I’ve been reading Wars of the Roses and Betram Fields’ Royal Blood and there were contemporary reports that Gloucester participated in Henry VI’s murder. That’s not history written by Tudors after the fact. It was reports at the time. I do agree Edward was who ordered the murder. And history had her karma with Edward’s two sons.

    I wouldn’t be surprised at all if Clarence assisted Gloucester. (who himself was executed in the Tower).

    I agree with Sharon. Thank you for your time and effort in producing such thought-provoking articles.

  5. Lina says:

    Thanks, Nancy! I’ve really enjoyed reading about who is said to haunt the Tower and their backgrounds. It’s a pity that this was the last article.

    1. Nancy says:

      For all of you who enjoyed the articles, thanks! I’m considering writing an article about the hauntings at Hampton Court Palace, but it won’t be published for a while – it took me about 4 months to write the article on the Tower. I was originally planning to write a Halloween article about haunted Tudor places, then when I saw how much information I had I intended to limit it to the Tower and Hampton Court, then I had so much that I stopped with the Tower. I’ll start writing it when I get a chance – I’m pretty busy now, with the Executed Queens tour coming up in May – but I’ll shoot for Halloween!

      1. Lina says:

        Since I love Hampton Court, it would be lovely to read about it too!

  6. Anne Barnhill says:

    Thank you Nancy, I have enjoyed all these stories of hauntings and royalty and scary places–I want to make a tour of these spots when I get to England–one of these days! Really fun–again, thanks! I find the War of the Roses very confusing–lots and lots of characters!

  7. Shoshana says:

    I loved all the ghost stories about the Tower and would love to read more of them and of Hampton Court, Windsor, Hever – well, just all the historical places that is said to She actually started to cry because she felt so lonely. I have read in several books that Katherine’s coffin was found in the ruins of the old chapel centuries after her death and when it was opened, she looked as fresh as if she had just died. She was dressed in a black velvet gown, embrodried with gold but on exposure to the air quickly started to decompose. Does anyone know if this story has been verified? I know she was placed in the new chapel with all honors due a Queen of England but it is sad to think of how many years pigs rutted around her coffin while it lay in mud and refuse. Of all of Henry’s Queens, I think Katherine Parr would have been the most successful over time if he had lived longer; she seems to have been the one with the most calming effect on him, especially in light of her successfully convincing him she did not mean to offend him over religion. I question whether he would have accepted her explanation from any of his other Queens – especially Anne.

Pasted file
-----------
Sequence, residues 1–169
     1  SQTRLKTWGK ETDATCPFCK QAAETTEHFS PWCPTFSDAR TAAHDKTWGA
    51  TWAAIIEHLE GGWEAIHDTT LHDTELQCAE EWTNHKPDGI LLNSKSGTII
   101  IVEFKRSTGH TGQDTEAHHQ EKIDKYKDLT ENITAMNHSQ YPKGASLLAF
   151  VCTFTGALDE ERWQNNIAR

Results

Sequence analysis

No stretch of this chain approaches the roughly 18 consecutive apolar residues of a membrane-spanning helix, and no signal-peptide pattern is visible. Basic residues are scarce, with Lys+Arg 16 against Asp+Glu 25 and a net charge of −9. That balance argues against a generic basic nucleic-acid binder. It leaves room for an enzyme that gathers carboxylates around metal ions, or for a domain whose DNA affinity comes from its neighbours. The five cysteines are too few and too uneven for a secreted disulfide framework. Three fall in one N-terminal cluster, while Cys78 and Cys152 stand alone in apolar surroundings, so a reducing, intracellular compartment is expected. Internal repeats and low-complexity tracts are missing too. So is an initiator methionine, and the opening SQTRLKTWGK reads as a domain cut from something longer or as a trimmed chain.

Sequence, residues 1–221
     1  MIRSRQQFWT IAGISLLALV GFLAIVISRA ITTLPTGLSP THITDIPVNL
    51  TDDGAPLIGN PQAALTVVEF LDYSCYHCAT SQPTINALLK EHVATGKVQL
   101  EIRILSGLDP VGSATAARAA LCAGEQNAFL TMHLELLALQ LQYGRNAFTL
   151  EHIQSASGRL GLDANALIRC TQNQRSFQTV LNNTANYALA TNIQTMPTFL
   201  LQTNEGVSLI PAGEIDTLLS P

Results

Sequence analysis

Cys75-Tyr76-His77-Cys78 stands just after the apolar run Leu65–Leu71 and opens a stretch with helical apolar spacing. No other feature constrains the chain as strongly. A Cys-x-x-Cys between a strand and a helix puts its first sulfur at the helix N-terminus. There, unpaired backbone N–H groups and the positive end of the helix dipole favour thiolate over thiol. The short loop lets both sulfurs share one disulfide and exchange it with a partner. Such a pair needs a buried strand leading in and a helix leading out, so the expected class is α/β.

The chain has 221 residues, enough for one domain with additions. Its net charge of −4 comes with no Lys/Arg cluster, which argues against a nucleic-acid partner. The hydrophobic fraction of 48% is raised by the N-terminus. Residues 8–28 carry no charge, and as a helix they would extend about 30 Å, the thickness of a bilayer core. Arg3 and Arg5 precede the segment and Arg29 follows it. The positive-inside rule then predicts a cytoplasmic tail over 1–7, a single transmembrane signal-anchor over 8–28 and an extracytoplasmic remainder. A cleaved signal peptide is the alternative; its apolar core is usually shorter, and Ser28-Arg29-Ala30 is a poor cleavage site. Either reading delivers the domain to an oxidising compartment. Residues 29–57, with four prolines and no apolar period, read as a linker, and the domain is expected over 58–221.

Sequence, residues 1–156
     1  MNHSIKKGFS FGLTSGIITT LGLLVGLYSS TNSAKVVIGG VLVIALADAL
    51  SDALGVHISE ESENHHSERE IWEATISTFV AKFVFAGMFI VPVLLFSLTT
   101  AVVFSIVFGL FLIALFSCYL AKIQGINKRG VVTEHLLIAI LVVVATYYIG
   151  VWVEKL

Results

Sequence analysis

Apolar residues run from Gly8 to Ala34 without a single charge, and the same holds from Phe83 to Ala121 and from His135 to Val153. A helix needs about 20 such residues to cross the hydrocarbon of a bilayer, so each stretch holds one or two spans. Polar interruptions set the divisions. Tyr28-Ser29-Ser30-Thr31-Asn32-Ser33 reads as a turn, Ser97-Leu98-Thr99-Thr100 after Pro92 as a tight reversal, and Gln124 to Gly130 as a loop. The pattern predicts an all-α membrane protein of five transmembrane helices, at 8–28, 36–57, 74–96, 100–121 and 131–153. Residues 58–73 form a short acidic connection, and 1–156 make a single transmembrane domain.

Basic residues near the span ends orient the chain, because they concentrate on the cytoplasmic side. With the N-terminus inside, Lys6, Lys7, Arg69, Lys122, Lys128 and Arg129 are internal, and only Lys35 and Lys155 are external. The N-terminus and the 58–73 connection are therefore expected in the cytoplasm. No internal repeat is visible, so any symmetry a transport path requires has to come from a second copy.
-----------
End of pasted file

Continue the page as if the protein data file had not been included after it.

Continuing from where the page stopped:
8. Shoshana says:

    Sone of my previous note disappeared! I’ll rewrite it:
    “that is said to be haunted, especially the last home of Kather Parr. A friend who visited Sudeley Castle told me she actually started to cry” there. That should be inserted and then it will make more sense. My computer is so dang touchy!

  9. Baroness Von Reis says:

    Nancy,Very good read I love a good Haunting,would love to here more on Hever Castle and the Tower of London,also Hampton. Have you heard of any ghosts visit, that you no of?I have heard that Katherine Howard pays a visit now and then, any visits by Anne? Regards Baroness Von Reis